Some Thoughts on Bill 85

When Municipal Affairs Minister (and Sydney-Whitney Pier MLA) Derek Mombourquette first expressed the notion that the province could find a way to facilitate the CBRM’s port project without rushing through a “phase one” CBRM Charter focused entirely on the deal, I thought it was a good sign.

Derek Mombourquette

I was so wrong.

What it has actually meant is that the Charter has floated off into limbo while the changes to the Municipal Government Act (MGA) necessary to facilitate the port deal are being quick-marched through the Legislature.

This represents another triumph for our “port developer” Albert Barbusci, who may never have developed a port but sure knows how to create a buzz.

He did it in 2015, arguing that he and his partner Barry Sheehy (a consultant and historian who has also never developed a port) had taken things as far as they could possibly go on their own and now needed exclusive rights to market the Port of Sydney for two years.

He did it again in 2016 to demand that council extend that exclusivity agreement by an additional five years.

And he did it again in 2017, to demand that council approve an Option and Development Agreement with his firm.

Each time council is told time is money and tempus fugit and momentum is happening and if they don’t give Barbusci what he wants, they are anti-development, anti-progress, anti-hope and so anti-port they might as well torch the Joan Harriss Cruise Pavilion and be done with it.

In Barbusci’s world, the iron is always sizzling hot when he approaches council with his requests but cools down mysteriously the moment he’s got what he wants. Case in point: in December 2017, council was expected to digest and approve the Option and Development agreement — which will allow Barbusci’s company, Sydney Harbour Investment Partners, to buy and lease land from the CBRM at below-market prices — in a matter of days.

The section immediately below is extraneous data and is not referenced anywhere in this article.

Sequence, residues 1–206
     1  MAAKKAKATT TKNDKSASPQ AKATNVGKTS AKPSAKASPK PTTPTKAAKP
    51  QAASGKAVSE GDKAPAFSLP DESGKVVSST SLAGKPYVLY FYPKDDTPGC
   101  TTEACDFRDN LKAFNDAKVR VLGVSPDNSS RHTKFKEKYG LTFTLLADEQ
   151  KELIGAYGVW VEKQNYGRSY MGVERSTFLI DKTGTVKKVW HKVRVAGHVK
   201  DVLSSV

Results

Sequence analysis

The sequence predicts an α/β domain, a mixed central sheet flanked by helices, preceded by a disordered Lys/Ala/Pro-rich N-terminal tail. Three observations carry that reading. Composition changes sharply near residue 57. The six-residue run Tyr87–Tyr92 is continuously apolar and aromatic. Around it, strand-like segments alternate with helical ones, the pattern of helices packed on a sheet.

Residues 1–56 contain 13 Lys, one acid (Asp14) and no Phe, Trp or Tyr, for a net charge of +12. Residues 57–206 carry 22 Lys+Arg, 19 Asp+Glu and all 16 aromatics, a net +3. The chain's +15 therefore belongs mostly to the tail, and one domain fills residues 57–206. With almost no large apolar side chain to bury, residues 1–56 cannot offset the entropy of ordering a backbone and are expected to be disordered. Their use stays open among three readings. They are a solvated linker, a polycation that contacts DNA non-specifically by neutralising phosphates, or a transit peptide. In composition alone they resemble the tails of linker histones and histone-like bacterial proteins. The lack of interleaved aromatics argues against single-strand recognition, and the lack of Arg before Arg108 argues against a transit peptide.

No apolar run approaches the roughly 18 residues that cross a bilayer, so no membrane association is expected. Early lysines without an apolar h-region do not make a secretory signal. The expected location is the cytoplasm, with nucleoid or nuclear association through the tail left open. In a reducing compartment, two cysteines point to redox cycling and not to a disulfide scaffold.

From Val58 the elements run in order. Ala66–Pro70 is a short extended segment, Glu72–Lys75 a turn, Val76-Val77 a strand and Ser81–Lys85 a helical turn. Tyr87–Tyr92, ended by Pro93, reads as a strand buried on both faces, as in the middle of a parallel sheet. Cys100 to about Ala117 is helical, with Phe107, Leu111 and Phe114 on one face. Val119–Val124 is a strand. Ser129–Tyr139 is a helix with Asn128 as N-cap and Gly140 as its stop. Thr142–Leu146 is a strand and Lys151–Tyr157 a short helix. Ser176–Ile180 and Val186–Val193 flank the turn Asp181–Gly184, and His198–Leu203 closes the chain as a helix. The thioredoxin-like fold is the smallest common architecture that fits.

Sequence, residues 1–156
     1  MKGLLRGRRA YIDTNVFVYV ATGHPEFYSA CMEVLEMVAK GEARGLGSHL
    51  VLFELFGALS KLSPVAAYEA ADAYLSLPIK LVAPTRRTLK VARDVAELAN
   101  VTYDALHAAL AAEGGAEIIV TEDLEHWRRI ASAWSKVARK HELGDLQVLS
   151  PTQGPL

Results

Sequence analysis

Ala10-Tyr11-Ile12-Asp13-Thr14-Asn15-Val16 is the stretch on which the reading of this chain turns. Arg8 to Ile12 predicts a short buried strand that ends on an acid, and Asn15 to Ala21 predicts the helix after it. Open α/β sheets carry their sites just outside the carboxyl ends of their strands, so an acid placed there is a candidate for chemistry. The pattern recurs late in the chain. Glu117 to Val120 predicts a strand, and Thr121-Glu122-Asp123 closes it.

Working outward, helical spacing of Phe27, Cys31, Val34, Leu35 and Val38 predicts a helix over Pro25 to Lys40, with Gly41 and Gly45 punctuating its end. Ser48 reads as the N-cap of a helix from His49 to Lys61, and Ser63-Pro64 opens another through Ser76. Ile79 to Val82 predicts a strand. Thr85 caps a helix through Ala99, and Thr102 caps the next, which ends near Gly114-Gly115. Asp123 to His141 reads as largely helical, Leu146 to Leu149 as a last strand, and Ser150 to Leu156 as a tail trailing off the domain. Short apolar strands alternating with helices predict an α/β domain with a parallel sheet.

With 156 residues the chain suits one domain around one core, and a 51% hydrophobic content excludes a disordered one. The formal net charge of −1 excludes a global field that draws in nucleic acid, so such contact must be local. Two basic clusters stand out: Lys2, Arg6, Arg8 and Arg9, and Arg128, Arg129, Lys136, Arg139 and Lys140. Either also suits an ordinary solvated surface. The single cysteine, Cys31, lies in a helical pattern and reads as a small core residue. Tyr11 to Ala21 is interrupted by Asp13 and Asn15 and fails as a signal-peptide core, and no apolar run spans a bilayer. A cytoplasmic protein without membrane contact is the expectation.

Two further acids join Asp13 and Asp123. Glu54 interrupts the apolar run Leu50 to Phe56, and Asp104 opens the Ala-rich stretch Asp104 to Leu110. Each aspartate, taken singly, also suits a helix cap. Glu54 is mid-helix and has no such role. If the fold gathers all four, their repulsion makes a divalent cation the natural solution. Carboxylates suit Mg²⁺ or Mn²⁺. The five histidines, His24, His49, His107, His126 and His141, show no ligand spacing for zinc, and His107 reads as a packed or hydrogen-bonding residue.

Moments after council voted to approve the deal, CBRM Mayor Cecil Clarke said that a big announcement related to the development could be expected “early in the New Year” but the ink wasn’t dry on the agreement before Barbusci was walking that back, telling the Post “autumn” was a “more realistic target” for the positive news.


More haste…

Mombourquette has apparently caught the fever and believes it necessary to amend the MGA right now to give the CBRM the powers it needs to enter into this agreement.

He’s in such a rush, it hasn’t even occurred to him that along with greater powers should probably come greater responsibilities in terms of transparency and accountability.

He’s so determined to get the CBRM what it needs, he doesn’t seem to have noticed that no shipping line has agreed to use the proposed $1.2 billion container port and without a shipping line, there is no container port.